Skip to main content

Hole truth that redefines the teaching world

Ahead of next week's Scottish Learning Festival, Douglas Blane talks to keynote speaker Sugata Mitra, whose research inspired the film Slumdog Millionaire

News article image

Ahead of next week's Scottish Learning Festival, Douglas Blane talks to keynote speaker Sugata Mitra, whose research inspired the film Slumdog Millionaire

Scotland's teachers may be ready for the keynote speech at the Scottish Learning Festival from Sugata Mitra, the Indian academic whose original research inspired the Oscar-winning Slumdog Millionaire. Then again, they may not be. It's a radical message that can be distilled into a few words: children can learn surprisingly well without a teacher.

There is more to it, of course, and the views of the professor of educational technology at Newcastle University have progressed as evidence has accumulated since his first, seminal experiment in New Delhi.

"I had an office in those days that bordered an urban slum," he says. "There was a dividing wall. I cut a hole in that wall and put a powerful PC into it with high-speed internet and Internet Explorer, so that the monitor came out the other side. A touchpad was similarly embedded. Then I just left it there."

Two youngsters from the slums were soon using the computer, a boy of eight and a girl in a tattered yellow dress, who was stretching on tiptoe to see the screen. "He was teaching her to browse," says Professor Mitra.

Within days, dozens of children from the slums, who had never used a PC, were using the one in the wall. It was an astounding result met with widespread scepticism, he says. "The children must have poked their head over the wall, people told me, and got somebody in my office to teach them what to do."

So he took the experiment to another city in the heart of India where, he says with a smile, "I was assured that nobody had ever taught anybody anything."

Again, poor children clustered around the computer, learning for themselves how to use it, teaching their friends and colleagues. "Typically, you'd have one child operating the computer, with a group of others advising him what to do. If you tested them all on what they'd been learning, they got similar scores. They were learning by watching as much as by doing."

The language of the web might have been expected to be a problem, he says. "So I took the experiment out to Madantusi, a village in north-eastern India, where they had no English teacher, so the children had not learnt English at all."

Three months later, he returned and found "two kids, eight- and 12-year- olds, playing a game on the computer. As soon as they saw me they said, `We need a faster processor and a better mouse.' I asked how on earth they knew that, and they said: `Well, you've left us this machine which talks only in English. So we had to learn English.'"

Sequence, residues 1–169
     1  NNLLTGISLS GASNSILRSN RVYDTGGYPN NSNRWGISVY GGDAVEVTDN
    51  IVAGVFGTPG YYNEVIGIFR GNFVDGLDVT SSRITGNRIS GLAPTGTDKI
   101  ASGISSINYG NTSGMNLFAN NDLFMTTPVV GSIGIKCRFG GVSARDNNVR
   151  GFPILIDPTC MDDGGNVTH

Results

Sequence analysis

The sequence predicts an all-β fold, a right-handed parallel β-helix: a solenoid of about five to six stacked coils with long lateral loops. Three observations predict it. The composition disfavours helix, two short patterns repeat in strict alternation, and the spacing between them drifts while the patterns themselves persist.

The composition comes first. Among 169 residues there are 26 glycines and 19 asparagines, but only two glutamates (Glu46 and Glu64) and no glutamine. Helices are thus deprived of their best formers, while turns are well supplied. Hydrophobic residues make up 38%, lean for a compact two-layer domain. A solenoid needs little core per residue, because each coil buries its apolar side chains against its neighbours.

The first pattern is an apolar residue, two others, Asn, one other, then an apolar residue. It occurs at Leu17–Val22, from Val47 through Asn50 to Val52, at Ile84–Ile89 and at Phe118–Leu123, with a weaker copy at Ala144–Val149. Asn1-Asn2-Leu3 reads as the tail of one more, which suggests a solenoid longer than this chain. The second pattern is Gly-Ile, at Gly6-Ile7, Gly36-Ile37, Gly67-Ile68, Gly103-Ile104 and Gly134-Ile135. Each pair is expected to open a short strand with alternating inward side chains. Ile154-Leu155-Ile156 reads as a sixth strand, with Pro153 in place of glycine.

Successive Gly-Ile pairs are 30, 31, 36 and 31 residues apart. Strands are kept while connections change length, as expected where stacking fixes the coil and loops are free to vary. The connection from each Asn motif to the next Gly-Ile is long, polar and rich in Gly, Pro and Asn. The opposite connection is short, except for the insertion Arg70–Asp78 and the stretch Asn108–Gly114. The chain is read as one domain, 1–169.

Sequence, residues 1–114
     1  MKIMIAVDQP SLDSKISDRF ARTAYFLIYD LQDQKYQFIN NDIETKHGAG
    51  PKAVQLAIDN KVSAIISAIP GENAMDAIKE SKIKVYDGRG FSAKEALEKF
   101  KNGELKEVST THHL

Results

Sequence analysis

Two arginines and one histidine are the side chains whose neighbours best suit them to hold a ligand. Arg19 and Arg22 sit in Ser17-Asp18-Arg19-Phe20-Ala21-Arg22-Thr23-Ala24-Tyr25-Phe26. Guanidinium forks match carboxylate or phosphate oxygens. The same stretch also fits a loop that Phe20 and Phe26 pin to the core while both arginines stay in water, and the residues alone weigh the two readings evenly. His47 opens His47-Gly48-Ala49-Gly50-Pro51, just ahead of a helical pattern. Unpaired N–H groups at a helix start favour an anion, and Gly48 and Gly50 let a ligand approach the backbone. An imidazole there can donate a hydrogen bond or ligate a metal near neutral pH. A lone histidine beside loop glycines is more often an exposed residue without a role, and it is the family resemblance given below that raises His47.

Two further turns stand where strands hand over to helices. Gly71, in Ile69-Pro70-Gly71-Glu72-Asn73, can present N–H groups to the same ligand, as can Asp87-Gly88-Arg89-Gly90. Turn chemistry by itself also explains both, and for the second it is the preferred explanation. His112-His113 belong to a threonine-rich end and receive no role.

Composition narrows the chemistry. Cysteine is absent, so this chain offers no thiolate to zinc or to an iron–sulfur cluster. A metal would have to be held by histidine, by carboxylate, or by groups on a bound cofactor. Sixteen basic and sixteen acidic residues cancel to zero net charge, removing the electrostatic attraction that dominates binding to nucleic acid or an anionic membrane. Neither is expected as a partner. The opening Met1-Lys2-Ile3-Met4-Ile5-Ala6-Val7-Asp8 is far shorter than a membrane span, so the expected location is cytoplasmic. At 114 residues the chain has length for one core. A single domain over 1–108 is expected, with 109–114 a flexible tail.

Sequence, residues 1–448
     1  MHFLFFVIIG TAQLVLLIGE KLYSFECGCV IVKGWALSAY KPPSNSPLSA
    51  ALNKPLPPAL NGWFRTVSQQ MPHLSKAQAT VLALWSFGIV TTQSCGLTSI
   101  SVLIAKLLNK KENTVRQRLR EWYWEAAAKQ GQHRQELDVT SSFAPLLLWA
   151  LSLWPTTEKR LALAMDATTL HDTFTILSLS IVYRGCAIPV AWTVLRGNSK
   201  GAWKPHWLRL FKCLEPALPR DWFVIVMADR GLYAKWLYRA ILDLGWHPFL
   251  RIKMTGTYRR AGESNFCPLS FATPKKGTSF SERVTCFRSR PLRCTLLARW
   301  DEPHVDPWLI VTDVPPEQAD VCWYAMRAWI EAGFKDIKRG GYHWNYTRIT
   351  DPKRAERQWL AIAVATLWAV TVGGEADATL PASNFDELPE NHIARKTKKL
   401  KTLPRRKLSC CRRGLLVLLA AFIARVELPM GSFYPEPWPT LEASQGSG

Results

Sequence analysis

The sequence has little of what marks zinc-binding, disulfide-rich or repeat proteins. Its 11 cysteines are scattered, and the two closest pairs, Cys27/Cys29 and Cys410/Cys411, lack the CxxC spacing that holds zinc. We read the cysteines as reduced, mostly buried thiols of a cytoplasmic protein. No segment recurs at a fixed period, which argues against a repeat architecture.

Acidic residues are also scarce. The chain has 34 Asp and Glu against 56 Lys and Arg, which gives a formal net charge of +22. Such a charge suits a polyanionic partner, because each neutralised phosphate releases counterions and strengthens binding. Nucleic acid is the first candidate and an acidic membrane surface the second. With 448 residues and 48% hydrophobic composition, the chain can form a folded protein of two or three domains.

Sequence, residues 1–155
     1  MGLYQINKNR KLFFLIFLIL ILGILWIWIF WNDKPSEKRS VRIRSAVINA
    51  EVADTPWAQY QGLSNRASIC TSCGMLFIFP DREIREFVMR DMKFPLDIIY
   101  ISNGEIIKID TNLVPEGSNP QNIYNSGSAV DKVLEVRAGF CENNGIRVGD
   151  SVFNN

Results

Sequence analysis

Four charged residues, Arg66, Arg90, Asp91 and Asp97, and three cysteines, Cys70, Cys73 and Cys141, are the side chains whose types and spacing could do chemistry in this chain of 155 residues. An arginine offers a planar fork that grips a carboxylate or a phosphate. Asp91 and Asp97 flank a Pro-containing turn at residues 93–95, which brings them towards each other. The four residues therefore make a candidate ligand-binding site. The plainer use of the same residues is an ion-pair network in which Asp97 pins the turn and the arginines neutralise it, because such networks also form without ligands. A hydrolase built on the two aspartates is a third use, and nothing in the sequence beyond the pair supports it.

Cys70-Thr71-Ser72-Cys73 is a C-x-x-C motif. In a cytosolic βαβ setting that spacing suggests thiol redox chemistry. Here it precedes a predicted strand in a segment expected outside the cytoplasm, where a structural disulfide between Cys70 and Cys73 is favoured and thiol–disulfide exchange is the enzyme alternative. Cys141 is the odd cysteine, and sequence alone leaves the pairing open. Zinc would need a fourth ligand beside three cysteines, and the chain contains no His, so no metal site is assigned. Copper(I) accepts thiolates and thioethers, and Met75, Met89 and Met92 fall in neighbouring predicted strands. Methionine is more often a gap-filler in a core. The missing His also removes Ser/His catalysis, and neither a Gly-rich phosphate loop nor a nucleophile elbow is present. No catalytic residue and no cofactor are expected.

He found that the children had acquired and were using 200 different English words. Over the next six years, he repeated the experiment many times all over India, a land whose genetic, cultural, geographic and socio-economic diversity allowed rigorous testing of his hypothesis that "primary education can be a self-organising system".

On the way, he had to solve various engineering problems, aided by his physics background, to ensure computer survival in harsh environments, from the heat and humidity of a southern fishing village to the bitter cold of the Himalaya. Time and again, the findings at the first hole in the wall were replicated.

Children between the ages of six and 13 were teaching themselves and each other to use the computer. They were picking up enough English from the computer to allow them to do so. This happened everywhere and with all kinds of children. "I could not find a single correlation with anything, including intelligence. If children have access to a computer, they will teach themselves. They work in self-organising groups, rather than as individuals. This is crucial."

It was also no surprise to Mitra, a scientist with a serious purpose, a sense of humour and a great deal of charm. His initial motivation was scientific curiosity about the "physics of thinking", he says, rather than an impetus to social change or educational improvement. These came later, when he learned what was possible in the most deprived parts of the world, where children struggle and good teachers are hard to find.

"Self-organising groups are common in nature," he says. "Galaxies, molecules, cells, organisms, societies, traffic jams, stock markets. What we found is that learning is most likely a self-organising system. Primary education can happen on its own. It does not have to be imposed from the top down."

Clearly of huge practical significance in parts of the world where teachers are scarce, the research findings are also relevant elsewhere, says Mitra, who moved to Britain to take up the chair in educational technology at Newcastle University just last year.

"A new learning mechanism is possible in the 21st century. It so happens I came upon it first while working with disadvantaged children. But it is equally applicable, if not more so, to children in the developed world."

Evidence for this has been accruing in the past four years, he says, from schools in England and Australia where, in accordance with his ideas, teachers have been giving children's learning the opportunity to self- organise. "In some ways, it's even more applicable in countries like Scotland than in India. The children are native English speakers, so progress is faster."